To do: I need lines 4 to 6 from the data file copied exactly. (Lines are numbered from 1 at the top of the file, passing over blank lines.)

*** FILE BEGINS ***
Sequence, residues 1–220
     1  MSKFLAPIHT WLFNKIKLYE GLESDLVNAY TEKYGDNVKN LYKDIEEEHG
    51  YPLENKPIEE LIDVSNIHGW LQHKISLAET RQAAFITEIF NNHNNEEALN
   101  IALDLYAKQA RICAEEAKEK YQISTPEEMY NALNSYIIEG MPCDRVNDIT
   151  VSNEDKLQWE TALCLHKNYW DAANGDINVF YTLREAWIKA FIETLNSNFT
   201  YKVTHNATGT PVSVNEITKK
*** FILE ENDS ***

   101  IALDLYAKQA RICAEEAKEK YQISTPEEMY NALNSYIIEG MPCDRVNDIT
   151  VSNEDKLQWE TALCLHKNYW DAANGDINVF YTLREAWIKA FIETLNSNFT
   201  YKVTHNATGT PVSVNEITKK